Nancy Pelosi, Democratic Party, American Congress discussed on Fresh Air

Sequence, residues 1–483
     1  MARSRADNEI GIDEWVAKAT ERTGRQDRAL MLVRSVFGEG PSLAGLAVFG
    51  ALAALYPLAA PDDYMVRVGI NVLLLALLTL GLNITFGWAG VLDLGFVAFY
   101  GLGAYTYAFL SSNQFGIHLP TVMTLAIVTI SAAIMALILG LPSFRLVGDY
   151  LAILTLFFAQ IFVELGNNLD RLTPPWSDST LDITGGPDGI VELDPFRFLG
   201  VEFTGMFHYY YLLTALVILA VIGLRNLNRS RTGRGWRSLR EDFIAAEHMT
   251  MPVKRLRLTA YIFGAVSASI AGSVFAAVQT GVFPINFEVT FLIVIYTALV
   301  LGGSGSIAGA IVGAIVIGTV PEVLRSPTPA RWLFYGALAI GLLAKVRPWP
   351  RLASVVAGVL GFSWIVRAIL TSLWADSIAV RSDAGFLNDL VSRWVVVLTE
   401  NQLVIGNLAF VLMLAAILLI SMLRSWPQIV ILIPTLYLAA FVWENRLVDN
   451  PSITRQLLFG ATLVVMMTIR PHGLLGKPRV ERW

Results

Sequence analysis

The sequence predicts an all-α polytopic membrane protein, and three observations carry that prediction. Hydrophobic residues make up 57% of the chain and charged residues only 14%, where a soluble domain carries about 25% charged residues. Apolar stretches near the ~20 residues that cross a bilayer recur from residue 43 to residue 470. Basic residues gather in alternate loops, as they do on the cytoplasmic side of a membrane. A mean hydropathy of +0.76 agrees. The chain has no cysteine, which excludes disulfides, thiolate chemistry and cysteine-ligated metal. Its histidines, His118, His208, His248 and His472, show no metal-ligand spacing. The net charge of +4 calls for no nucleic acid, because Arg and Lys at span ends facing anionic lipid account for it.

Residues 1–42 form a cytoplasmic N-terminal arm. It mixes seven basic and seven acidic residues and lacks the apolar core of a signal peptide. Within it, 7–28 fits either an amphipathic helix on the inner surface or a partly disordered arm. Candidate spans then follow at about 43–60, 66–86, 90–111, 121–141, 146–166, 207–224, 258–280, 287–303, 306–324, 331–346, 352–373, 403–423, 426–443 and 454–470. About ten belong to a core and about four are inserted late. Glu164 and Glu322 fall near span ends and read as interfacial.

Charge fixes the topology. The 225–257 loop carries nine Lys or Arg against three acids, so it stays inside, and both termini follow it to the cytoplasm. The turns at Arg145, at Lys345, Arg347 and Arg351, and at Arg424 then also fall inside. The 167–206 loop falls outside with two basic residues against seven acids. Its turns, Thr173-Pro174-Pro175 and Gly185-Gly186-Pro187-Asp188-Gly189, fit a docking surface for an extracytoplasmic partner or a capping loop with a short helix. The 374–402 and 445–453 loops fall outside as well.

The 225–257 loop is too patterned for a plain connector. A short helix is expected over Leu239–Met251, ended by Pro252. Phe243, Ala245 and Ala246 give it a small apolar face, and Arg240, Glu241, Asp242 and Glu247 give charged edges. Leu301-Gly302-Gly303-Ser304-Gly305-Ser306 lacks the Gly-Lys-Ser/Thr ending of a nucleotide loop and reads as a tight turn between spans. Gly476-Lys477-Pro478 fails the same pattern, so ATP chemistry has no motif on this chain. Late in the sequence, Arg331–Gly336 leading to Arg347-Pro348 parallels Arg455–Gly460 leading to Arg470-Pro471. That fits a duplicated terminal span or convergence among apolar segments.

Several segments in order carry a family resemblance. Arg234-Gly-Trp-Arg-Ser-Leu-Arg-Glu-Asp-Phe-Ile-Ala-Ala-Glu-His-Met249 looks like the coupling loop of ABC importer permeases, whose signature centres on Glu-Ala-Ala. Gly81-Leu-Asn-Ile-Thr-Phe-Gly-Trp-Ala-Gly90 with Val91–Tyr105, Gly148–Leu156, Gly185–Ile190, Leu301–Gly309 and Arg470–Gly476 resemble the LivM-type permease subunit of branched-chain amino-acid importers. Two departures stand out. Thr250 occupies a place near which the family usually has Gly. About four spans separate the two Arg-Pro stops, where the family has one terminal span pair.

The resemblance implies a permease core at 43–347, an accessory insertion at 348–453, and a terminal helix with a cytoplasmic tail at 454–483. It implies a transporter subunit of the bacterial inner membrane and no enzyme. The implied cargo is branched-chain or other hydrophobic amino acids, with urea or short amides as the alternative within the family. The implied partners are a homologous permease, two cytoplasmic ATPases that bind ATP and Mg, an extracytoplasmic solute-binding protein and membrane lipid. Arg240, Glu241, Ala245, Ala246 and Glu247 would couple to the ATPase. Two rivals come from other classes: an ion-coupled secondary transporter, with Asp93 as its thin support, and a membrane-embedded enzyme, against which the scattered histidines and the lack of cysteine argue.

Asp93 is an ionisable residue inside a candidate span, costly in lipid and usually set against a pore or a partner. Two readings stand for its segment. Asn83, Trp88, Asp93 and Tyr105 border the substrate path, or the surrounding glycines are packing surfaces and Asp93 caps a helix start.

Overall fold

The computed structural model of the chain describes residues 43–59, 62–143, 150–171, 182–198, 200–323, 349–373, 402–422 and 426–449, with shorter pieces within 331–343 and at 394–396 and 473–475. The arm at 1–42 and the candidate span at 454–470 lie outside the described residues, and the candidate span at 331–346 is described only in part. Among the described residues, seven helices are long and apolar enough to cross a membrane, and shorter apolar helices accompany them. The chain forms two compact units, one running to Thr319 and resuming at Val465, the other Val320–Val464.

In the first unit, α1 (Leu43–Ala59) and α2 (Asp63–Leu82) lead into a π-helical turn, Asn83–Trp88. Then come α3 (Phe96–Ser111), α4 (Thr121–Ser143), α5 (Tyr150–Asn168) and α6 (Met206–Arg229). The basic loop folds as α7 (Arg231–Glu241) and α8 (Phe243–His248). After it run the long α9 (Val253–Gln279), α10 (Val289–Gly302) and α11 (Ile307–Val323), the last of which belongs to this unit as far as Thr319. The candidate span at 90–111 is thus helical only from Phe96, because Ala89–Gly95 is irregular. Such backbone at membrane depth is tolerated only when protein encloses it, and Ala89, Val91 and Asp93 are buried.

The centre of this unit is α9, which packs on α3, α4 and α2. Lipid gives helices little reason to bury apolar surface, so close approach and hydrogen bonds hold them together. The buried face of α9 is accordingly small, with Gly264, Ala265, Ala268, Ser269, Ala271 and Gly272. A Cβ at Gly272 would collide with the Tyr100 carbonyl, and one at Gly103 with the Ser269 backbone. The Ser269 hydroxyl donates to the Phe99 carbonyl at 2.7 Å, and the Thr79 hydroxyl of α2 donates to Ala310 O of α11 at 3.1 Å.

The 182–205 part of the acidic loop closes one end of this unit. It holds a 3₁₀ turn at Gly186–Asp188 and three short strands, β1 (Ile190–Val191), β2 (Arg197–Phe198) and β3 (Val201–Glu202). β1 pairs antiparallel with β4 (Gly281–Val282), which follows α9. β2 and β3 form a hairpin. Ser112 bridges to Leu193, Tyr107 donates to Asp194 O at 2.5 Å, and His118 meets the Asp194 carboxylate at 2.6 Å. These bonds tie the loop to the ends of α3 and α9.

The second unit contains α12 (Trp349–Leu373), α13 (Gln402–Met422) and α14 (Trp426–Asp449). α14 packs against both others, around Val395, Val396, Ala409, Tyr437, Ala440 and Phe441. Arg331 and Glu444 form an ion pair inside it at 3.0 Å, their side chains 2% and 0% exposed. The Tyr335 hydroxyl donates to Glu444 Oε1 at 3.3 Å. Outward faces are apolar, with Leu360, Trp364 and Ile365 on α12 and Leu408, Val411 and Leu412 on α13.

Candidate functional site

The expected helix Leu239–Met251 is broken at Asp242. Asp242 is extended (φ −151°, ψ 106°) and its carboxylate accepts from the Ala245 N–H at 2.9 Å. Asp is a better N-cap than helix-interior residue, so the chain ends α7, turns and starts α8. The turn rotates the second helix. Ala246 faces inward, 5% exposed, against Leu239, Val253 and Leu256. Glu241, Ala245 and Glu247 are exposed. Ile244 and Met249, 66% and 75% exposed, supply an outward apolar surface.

This is fresh air. I'm Terry gross in this year's midterm elections. Democratic house leader Nancy Pelosi was the favourite target of Republicans when analysis found her name was invoked in attack ads that aired more than one hundred and thirty five thousand times Democrats won control of the house in spite of that. And now Pelosi is seeking to become speaker. Again, a post she held from two thousand six to two thousand ten but she's facing resistance within her own party from moderates who feel she's becoming a liability in swing districts, and from progressives who want leaders who will aggressively pursue their policy goals. Our guest journalist, Robert crapper says Pelosi has shown she has the political skills policy grasp and work ethic needed to win the support of and to manage the democratic congressional caucus in a cover story in this week's New York Times magazine, Draper looks at the battle among House Democrats over the. Speakership and considers whether Pelosi skills are suited to the challenges of the Trump era. Draper is a writer at large for the times magazine and the author of several books, including dead certain the presidency of George W Bush and do not ask what we do inside the house of representatives. He spoke with fresh Air's. Dave Davies will Robert Draper, welcome back to fresh air. You spent a fair amount of time with Nancy Pelosi for this piece. You know, she spent decades in politics fought a lot of battles men under a lot of media scrutiny in the midterms that we just saw I think she was the Republicans favorite target. I mean, they clearly their messaging and polling convinced them that attacking Nancy Pelosi was a way to beat the Democrats. How did she get in this position? Well, I think it starts with the fact that she is a woman who lives in San Francisco who was wealthy and who is a liberal all of this makes her the quintessence of California. Limousine liberalism. In other words, she is very very easy to caricature. Now, the fact that she is a woman of a certain age has caused these caricatures to be particularly unkind and with more than an aroma of sexism too. I think but nonetheless, it's it remains a fact that she is a progressive. She is wealthy, and therefore seemingly the very picture of the out of step democratic politician. So Republican groups and conservative organizations have taken that series of facts and run with them. With the result being one cascade of attack ads after the next. They really began. After the Democrats took back the house in two thousand six and were particularly evident in two thousand ten when I think sixty five million dollars with spent by conservative groups over that election cycle with ads that tended to make Nancy Pelosi, the evil twin of whoever was in particular congressional district, regardless of what they're voting record was and that pattern has continued throughout all the cycles and has become the sort of go to a Republican playbook in two thousand eighteen where the lot of uncertainty in the air. How is the electric sort of conflicting views about Donald Trump gonna play out going manifest the one thing that Republicans could count on her? So they believed at the time was as long as we keep talking about Nancy Pelosi. The voters will respond with disgust towards Pelosi and elect our folks it didn't quite turn out that way, however, at least as of this counting. There are the Democratic Party has picked up thirty eight house seats, right and going back to the four years that she spent a speaker from two thousand six to two thousand ten apart from the partisan attacks were there. Mainstream critiques of her either integrity or leadership that you know that. That had some legs. Well. Notable that Nancy Pelosi who's been in elective office. Since one thousand nine hundred eighty seven has lived a scandal free political life. So they don't have that on Pelosi substantively. However, her tenure speaker was very very active very episodic one those four years and were one in which she attempted to run the table with progressive legislation and some members of her own caucus were quite restive about that in particular, the energy Bill known as the cap and trade Bill of two thousand nine that a lot of the moderate blue dog. Democrats did not want to see out there at that time. You'll recall. Unemployment rate was rising hundreds of thousands of jobs were being lost per month. And so the notion of talking about green energy when manufacturing jobs and other kinds of jobs were dwindling seem. Best way off message to a lot of Democrats and at worst, deeply wrong its policy. So yes, there has always been a bit of controversy about palsy owing to those four years at speaker when she determined that we the Democrats are here to do important things. And if it runs the risk of us returning to the minority. So let's talk about her career. What's her background? How did she get into politics? Sure. She is the daughter the youngest child of Tom Dallas Sandro who was an amazing political character in the history of Baltimore, Maryland, he was a congressman during the new deal era. And then following that the mayor of Baltimore, but that does not fully capture the hold that he had over Baltimore politics in particular, the Democratic Party. The Dallas Sandro household in the little Italy neighborhood of Baltimore was regularly trafficked with Democrats passing through from Washington d. DC or Maryland and was the Goto place in so Nancy Dallas Sandro grew up with that essentially in her DNA, her older brother, Tom junior later became mayor of Baltimore I himself, and so by the time that she moved to San Francisco to marry Paul Pelosi in nineteen sixty-nine. She was already not just a committed democrat, but one who understood machine politics, the art of getting backstage deals done and then upon moving to San Francisco quickly became an organizer a fundraiser and activist within California Democratic circles. Right. She didn't run for congress until nineteen eighty-seven when she was forty six up till that point she was essentially a party operative activists fundraiser, she was two things is she was all that. You've just described. She was also a stay at home mother who sort of engaged in politics. I would hesitate to say dabble because she really ultimately ran the California Democratic party organized the nineteen. Eight hundred four democratic convention, and then was the head of the Democratic Senate campaign committee, all while raising five kids, but you know, this is one thing that people I think forget about Pelosi or at any of overlook when they're busy demonizing her as this ultra liberal that in many ways disposition only she is a woman of her generation somewhat conservative committed Catholic, and as I observed whilst he's been in the house. She looks on with a certain bemusement and younger democratic women who raise kids while they were in office. She did the first career a stay at home mother before she pursued the second one, which is to run for congress in one thousand nine hundred seven and a special election. So she gets into congress. How did she deal with the sexism and gender bias of that institution? Well, she as the only daughter with several brothers Nancy Pelosi had no illusions about what it's like to be in a male dominated arena. It wasn't either. Then or now her proclivity to to complain back, then sexism was really institutionalized in congress when Pelosi came to Washington there only a couple of dozen women evenly divided between the Republican and Democratic Party in a body of four hundred thirty five they were a puny minority and those who were there were treated as Dame's as broads as pieces of meat, and we're not given the best committee assignments so Pelosi who has expression she's very fond of saying, no one gives you power. You have to take it from them proceeded to do exactly that she slowly made her way up the chain. After a couple of terms convinced party leadership to give her a committee slot on the house appropriations committee, and then also to establish national security benefit ace on the house intelligence committee, and it was really after she had. Managed to get an excel in those committee assignments that she began to catch your eye on leadership position in the party, right in the way, you get to be a a floor leader in the party and ascended towards the the leadership is in part by raising money for a lot of other candidates. She was really active and successful in doing that. That's right. I mean, I think that it's a two or three part of a strategy. The first is to understand who's in your caucus understand what they're about what their needs are. Secondly, once you've done that to raise money on their behalf. And then Thirdly to show that you can be legislative tactician that you can be a leader that you can establish a kind of party unity. So as to accomplish certain particular legislative goals and policy sat herself to to this task after frankly, seeing her male colleagues sort of screw things up in in in the two thousand election. They believed that they could retake the majority if they would just pick up about five seats Pelosi on her own managed to raise funds to bring four California congressional district's back into the democratic column, but that was not enough. Are they still remained in in the minority by one or two and so Pelosi decided, you know, I know how to win others in my party do not know how to win as well as I do and that was really along with her ability to raise funds for particular. For particular colleagues, the clarion call that put her in a position to run for to be basically, the first female whip in the history of the American Congress, you asked her at one point if she was ever encouraged to advance by party leaders. She had an interesting response. Yes. Our answer was are you kidding? They didn't even invite me to a meeting. She said, in fact, the only time I've ever been in the speaker's office was when I became speaker myself. And when I decided that I was going to run for a leadership position specifically for him. For whip basically said rally, it's not your turn. Why why would you do this? And and when among her applies was that it was important to have a woman at the table. They in term house leadership said to her. Well, why don't you make a list of the things that you women here in congress want done, and we'll just do them for you. And so it was it was that kind of dialogue that that. As Nancy Pelosi reminded me this did not take place in the eighteen hundreds. We're talking about the year two thousand one. And so there was still a retrograde aspect to the Democratic Party, which sees itself as the Progressive Party as recently as seventeen years ago. Robert Draper story about Nancy Pelosi appears in this week's New York Times magazine. We'll continue our conversation after short break. This is fresh air..